Glouster residents may be left in the dark, and even worse, some may be left without running water during the COVID-19 national emergency.
The matter was discussed during the Tuesday, March 17 Glouster Village Council meeting, but councilman Jimmy Holbert said he left the meeting “not sure what was going to happen.”
“They said we would talk about it at the next meeting, April 6,” he said Wednesday morning.
However, a note pinned to the outside of the Glouster Water and Electric office said differently: disconnections will take place for customers on March 23 with no prior notice.
Rumors swirled around town, with some saying the council members had already voted to continue utility shutoffs. This is not true, Holbert said.
“There was absolutely no vote,” he confirmed.
Glouster uses it’s own water and electric department, and is not part of the Public Utilities Commission of Ohio. PUCO approved emergency measures so utility service can continue to customers through the outbreak. The Commission also announced Friday that it would be extending the winter reconnect order through May 1. This allows the Commission to maintain or reconnect electric and natural gas service during the heating season.
Additionally, PUCO-regulated utilities were ordered to review their policies and identify where it may be prudent to suspend for the duration of the pandemic any policies that would impose a service restoration hardship or create an “unnecessary risk of human contact.”
“The Commission also encourages those utilities not regulated by the PUCO to implement similar procedures,” the PUCO press release stated.
The city of Athens recently suspended its water shutoffs during the emergency, and other regions have taken similar steps. Payment is still required, but the shutoff will not occur during the emergency time period.
The purpose of suspending shutoffs is to help stop or slow the spread of the coronavirus. According to the World Health Organization, frequent and proper hand washing is one of the most important measures to prevent infection of the virus. Second to that is maintaining safe drinking-water and sanitation services, according to guidelines released March 3.
For many Athens County residents, the potential to suspend public utilities shutoffs was a potential help as many service industry and labor jobs have been discontinued during the emergency. One Glouster resident reached out to The Messenger Wednesday, stating she has three children to care for and her husband has been out of work due to job sites being cancelled. The water and electric service for their household will be shutoff on March 23, according to a note on the Glouster Water and Electric Office.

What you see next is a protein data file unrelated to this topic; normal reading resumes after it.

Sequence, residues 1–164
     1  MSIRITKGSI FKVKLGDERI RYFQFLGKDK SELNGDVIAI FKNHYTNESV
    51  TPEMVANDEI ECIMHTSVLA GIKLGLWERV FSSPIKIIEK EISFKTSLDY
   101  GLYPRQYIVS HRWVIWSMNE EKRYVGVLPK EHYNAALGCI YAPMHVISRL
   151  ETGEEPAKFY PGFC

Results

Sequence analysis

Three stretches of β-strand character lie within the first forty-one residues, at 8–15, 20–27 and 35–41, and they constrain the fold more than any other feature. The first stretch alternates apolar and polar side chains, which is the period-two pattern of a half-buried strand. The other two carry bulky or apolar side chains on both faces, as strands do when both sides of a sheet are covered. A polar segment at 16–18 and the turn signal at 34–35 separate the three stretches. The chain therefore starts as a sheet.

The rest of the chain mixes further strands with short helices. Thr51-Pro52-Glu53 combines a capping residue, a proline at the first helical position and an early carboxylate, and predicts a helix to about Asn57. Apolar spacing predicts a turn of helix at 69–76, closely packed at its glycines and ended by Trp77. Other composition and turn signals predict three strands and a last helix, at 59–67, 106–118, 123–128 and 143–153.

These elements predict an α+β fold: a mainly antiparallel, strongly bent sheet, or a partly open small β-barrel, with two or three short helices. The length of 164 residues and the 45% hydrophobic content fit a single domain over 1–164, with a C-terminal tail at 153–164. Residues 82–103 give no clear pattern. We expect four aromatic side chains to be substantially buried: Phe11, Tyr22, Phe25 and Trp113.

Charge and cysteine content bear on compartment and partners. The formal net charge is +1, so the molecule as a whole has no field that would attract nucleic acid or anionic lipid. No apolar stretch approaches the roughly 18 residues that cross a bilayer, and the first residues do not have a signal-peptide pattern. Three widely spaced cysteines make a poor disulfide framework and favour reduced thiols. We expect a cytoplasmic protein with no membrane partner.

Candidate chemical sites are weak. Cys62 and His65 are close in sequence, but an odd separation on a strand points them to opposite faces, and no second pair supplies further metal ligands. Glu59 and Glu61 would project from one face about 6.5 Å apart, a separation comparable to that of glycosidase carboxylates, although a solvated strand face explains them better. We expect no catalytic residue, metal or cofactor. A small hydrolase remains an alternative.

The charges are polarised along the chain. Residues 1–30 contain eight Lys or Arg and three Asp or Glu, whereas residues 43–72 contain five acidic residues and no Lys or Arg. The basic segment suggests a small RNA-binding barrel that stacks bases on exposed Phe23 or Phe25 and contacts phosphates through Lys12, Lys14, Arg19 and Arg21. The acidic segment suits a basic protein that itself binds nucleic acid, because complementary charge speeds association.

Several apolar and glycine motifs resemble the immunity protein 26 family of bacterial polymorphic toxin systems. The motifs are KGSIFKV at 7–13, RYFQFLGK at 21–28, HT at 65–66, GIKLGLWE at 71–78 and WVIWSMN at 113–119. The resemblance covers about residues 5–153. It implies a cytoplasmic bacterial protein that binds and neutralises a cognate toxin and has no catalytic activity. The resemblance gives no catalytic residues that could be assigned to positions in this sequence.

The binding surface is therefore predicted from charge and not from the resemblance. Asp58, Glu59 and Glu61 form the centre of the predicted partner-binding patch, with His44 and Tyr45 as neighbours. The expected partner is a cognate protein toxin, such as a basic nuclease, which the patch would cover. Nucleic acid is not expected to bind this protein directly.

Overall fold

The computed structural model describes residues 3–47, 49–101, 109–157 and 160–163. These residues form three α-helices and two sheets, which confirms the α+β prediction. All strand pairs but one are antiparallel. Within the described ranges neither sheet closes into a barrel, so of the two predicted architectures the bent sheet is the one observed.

“With respect to shutoff policies, Governor DeWine has not implemented a statewide mandate regarding utility disconnect policies,” the note read. “The PUCO order late last week is only applicable to regulated utilities. Rural cooperatives and municipal electric utilities are not subject to PUCO jurisdiction.”
Glouster combines its electric and water payments into one bill for customers. According to the office clerk, about 1,000 customers use the Glouster Water and Electric Department.
To help as jobs and regional events began to fade over the past week, a few mutual aid groups sprung up around the area. One, Mutual Aid Southeast Ohio, formed on Facebook as a way to share resources, get information and help others during “this confusing time.”
On Tuesday, a post from HAPCAP employee Claire Gysegem asked for donations to help reconnect water access for nine households in the Glouster/Bishopville area sprung up. A few hours later, she had raised about $150 for the bills. However, the total cost for all of the households to reconnect is about $2,000.
With the matter seemingly decided on for March, Glouster Village Council will revisit the issue during its April 6 meeting.